“Certainly We have honored the Children of Adam, and carried them over land and sea, and provided them with all good things, and given them an advantage over many of those We have created with a complete preference”. (Al-Isra’:70)

The identification of inherent and acquired dignity and the distinction between these two concepts in Islam is not what this author has theorized. What is important in this paper is to define the relationship between these two concepts. It seems that some writers have failed to realize the perplexities that exist in making a distinction between these concepts and the relationship between the two and this in turn has led to some sort of misunderstanding. For instance, some Salafis believe that only believers have dignity. They claim that all human rights standards and norms are rooted in Western culture and thus, they are unequivocally in contradiction with the teachings of Islam. Since human rights are based on the concept of inherent dignity of man, Salafis denounce such rights as they are of the opinion that only believers are entitled to dignity.

They emphasize that believers have the right to enjoy dignity. One's life and property is not inviolable unless he embraces Islam. Thus, in their view unbelievers do not deserve dignity and their life and property may not be respected.[21] By referring to the two mentioned verses the Salafi authors argue that the inherent dignity of human beings will remain if they embrace Islam, otherwise, their inherent dignity will be lost, since, in other verses Allah has announced that disbelief in God causes human abasement and humiliation in this world and suffering in the hereafter:

“Whomever Allah humiliates will fin no one who may bring him honor”. (Al-Hajj:18)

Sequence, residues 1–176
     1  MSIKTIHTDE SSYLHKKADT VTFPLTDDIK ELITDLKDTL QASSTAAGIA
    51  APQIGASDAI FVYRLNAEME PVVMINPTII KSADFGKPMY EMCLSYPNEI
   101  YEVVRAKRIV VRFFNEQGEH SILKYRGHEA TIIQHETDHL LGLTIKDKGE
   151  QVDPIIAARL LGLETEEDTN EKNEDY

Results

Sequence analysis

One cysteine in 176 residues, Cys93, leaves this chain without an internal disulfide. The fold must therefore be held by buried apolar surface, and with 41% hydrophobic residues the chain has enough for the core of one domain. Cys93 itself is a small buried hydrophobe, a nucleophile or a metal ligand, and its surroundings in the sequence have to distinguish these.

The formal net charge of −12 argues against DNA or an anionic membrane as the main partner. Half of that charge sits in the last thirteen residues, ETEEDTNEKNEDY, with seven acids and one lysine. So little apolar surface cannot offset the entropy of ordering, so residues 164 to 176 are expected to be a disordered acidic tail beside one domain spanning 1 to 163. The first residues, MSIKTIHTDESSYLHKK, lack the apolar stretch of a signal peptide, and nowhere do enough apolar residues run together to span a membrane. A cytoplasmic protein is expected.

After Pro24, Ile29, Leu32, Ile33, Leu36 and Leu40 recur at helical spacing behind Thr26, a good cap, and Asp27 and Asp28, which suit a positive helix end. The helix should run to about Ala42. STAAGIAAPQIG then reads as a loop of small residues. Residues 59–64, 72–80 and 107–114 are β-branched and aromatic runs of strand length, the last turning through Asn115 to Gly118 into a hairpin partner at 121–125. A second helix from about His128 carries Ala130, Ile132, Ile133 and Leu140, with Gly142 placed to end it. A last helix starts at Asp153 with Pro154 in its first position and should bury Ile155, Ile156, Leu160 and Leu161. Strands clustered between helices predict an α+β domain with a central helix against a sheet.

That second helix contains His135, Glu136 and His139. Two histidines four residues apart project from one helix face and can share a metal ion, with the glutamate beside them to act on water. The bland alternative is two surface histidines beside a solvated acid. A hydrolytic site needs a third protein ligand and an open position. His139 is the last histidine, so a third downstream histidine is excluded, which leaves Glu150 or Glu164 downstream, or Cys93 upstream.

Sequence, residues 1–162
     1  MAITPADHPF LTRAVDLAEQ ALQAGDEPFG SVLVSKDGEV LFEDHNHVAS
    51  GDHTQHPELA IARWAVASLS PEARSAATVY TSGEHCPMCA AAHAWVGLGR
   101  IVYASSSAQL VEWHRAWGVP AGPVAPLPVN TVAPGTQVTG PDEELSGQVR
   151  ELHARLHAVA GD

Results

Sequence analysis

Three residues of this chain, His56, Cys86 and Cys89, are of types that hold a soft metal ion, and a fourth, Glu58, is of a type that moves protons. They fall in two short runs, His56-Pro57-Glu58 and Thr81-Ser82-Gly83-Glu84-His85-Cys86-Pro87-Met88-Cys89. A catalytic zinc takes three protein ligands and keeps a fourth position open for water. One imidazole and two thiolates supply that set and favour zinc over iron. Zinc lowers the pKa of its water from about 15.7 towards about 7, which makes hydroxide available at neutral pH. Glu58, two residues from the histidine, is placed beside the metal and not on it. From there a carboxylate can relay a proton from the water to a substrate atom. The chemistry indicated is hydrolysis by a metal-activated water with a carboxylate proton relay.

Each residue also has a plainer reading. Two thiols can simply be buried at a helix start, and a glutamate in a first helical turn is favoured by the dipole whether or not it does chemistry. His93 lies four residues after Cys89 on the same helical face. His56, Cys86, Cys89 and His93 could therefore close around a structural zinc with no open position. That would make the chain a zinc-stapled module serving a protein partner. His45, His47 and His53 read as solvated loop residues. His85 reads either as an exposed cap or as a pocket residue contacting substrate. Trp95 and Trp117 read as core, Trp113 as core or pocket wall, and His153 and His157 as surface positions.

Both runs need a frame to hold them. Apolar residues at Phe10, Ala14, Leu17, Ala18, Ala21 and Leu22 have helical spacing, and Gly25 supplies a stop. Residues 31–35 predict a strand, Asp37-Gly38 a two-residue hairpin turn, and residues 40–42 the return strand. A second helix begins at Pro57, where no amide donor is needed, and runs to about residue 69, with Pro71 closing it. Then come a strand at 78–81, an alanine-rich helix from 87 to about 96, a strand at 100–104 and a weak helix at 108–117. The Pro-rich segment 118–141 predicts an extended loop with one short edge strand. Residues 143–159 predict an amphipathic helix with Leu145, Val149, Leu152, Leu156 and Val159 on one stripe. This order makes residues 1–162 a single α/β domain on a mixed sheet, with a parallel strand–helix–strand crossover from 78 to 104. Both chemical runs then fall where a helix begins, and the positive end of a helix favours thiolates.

While human rights discourse has always emphasized that human rights are intrinsic to human beings and, therefore, they are inalienable, Salafis claim that whoever goes astray from the straight path, not only loses his dignity, but also falls down from the position of humanity, and will be lower than animals:

“Indeed the worst of beasts in Allah’s sight are those who are faithless; so they will not have faith”. (Al-Anfal:55)[22]

The most important reason for salafis' refusal of human rights principles is that this idea is based on a fundament that is unquestionably rejected by Islam. They argue that human rights in the West are based on the foundation that all human beings have inherent dignity and are equal without any distinction as to sex, color, race, language and religion and since Islam has categorically denounced this fundamental idea, recognition of human dignity and human rights norms are tantamount to disbelief in Islam. However, this Salafi argument is too naïve and needless of reasoning to be refuted. Little examination of the mentioned verses makes it clear that the aim of the above-mentioned verses is to explain the factors by which man can be closer to God. Therefore, it goes without saying that the object and purpose of the invoked verses is not to say that believers acquiring such good attributes are privileged before the law. Moreover, these verses do not imply that a Muslim state may discriminate between believers and non-believers either. Some other scholars have even argued that dignity is an acquired feature and therefore, the concept of inherent dignity makes no sense:

Discussion concerning the esteem and dignity is value judgment predicate, and the value judgment about human dignity is relevant since man is autonomous and possesses free will. As a result, dignity is not considered a non-optional feature, but it is an acquired characteristic that must be obtained through faith, divine belief and good upbringing. If dignity is an inherent feature and an actual status which exists in all human beings, then why is it attributed only to God, His prophet and believers? Even though, the potential dignity and faculty for acquiring it, is present in all men and was bestowed to all.[23]